Authors: Author Afsaneh Moradian, Author Alva Sachs & Three Wishes Publishing Company, Author Angeliki Stamatopoulou-Pedersen, Author Anna Olswanger, Author Casey Bell , Author Claudine Norden, Author Debbie Dadey, Author Diana Huang & Intrepids, Author Eugenia Chu & Brandon goes to Beijing, Green Kids Club, Author Gwen Jackson, Author Janet Balletta, Author Josh Funk, Author Julia Inserro, Karter Johnson & Popcorn and Books, Author Kathleen Burkinshaw & The Last Cherry Blossom, Author Keila Dawson, Maya/Neel Adventures with Culture Groove, Author Mia Wenjen, Michael Genhart, Nancy Tupper Ling, Author Natalie Murray, Natalie McDonald-Perkins, Author Natasha Yim, Author Phe Lang and Me On The Page Publishing, Sandra Elaine Scott, Author Shoumi Sen & From The Toddler Diaries, SISSY GOES TINY by Rebecca Flansburg and B.A. Norrgard, Susan Schaefer Bernardo & Illustrator Courtenay Fletcher, Tales of the Five Enchanted Mermaids, Author Theresa Mackiewicz, Tonya Duncan and the Sophie Washington Book Series, Author Toshia Stelivan, Valerie Williams-Sanchez & The Cocoa Kids Collection Books©, Author Vanessa Womack, MBA, Author Veronica Appleton & the Journey to Appleville book series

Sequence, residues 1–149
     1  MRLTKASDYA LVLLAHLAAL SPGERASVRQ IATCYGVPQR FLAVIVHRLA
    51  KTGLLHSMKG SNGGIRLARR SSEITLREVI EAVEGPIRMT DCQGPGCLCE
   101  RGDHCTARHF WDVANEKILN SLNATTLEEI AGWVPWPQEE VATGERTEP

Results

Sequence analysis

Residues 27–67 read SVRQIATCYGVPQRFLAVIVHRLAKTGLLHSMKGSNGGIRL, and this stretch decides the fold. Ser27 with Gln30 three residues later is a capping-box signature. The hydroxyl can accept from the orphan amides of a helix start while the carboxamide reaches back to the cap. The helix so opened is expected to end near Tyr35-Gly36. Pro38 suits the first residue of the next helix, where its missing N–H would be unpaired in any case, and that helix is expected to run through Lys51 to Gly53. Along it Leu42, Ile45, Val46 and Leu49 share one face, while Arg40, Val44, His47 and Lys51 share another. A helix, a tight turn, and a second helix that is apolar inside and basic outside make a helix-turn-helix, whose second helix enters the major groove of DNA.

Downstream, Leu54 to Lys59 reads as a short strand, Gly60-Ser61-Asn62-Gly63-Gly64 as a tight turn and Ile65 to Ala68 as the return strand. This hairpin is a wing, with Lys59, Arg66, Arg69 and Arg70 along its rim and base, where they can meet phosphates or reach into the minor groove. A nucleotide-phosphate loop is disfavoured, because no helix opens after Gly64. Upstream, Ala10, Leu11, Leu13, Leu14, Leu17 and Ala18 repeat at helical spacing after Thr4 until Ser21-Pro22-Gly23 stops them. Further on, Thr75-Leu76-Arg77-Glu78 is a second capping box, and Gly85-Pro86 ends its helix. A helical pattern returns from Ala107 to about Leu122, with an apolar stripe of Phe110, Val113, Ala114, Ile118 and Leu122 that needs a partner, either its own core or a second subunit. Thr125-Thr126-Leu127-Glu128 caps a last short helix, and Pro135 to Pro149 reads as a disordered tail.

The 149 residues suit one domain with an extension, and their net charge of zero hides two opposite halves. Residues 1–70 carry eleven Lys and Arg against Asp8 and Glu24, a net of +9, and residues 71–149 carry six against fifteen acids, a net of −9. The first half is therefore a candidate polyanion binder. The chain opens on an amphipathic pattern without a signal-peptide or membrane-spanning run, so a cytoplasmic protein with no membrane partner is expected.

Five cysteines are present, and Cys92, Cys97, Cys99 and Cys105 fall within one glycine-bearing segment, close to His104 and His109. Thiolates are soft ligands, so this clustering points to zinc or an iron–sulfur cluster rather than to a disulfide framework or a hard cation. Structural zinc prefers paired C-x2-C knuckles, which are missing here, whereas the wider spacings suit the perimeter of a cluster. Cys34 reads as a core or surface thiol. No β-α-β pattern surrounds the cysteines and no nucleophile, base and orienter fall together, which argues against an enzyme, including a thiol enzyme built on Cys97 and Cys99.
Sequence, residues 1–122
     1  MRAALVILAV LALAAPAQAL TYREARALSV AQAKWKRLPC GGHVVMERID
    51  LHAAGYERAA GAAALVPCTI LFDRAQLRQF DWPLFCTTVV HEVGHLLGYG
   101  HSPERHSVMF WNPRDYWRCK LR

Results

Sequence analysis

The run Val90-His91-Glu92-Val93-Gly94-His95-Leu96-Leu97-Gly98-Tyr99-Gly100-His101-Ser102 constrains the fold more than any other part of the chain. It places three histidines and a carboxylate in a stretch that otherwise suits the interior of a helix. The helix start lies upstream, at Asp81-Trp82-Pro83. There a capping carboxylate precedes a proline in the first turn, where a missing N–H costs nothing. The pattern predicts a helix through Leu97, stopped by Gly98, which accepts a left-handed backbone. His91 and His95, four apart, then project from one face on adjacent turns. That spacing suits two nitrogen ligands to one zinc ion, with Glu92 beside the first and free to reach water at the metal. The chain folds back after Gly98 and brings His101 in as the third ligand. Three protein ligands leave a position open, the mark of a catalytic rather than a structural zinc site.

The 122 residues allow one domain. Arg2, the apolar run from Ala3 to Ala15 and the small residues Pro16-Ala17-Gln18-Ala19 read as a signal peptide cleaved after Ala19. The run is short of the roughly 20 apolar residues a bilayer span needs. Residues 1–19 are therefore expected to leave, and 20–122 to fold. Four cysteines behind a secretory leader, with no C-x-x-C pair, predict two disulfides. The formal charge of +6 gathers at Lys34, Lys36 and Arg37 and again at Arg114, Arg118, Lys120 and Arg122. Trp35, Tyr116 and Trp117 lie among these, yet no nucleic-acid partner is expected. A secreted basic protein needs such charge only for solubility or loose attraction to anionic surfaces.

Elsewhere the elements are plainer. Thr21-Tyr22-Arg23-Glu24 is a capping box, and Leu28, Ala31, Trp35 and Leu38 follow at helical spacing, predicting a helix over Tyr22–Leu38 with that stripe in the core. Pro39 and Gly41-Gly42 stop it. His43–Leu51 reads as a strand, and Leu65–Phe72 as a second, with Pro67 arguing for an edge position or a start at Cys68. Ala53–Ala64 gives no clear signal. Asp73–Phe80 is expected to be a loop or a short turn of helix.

MCBD 2021 is Honored to be Supported by our CoHosts and Global CoHosts!

MCBD 2021 is Honored to be Supported by these Media Partners!

Check out MCBD’s Multicultural Books for Kids Pinterest Board!

Multicutural Childrens Book Day poster art

FREE RESOURCES from Multicultural Children’s Book Day

Diversity Book Lists & Activities for Teachers and Parents

Homeschool Diverse Kidlit Booklist & Activity Kit

FREE Teacher Classroom Activism and Activists Kit

FREE Teacher Classroom Empathy Kit

FREE Teacher Classroom Kindness Kit

FREE Teacher Classroom Physical and Developmental Challenges Kit

FREE Teacher Classroom Poverty Kit

Gallery of Our Free Posters

FREE Diversity Book for Classrooms Program

TWITTER PARTY! Register here!

Join us on Friday, Jan 29, 2021, at 9 pm EST for the 8th annual Multicultural Children’s Book Day Twitter Party!
This epically fun and fast-paced hour includes multicultural book discussions, addressing timely issues, diverse book recommendations, & reading ideas.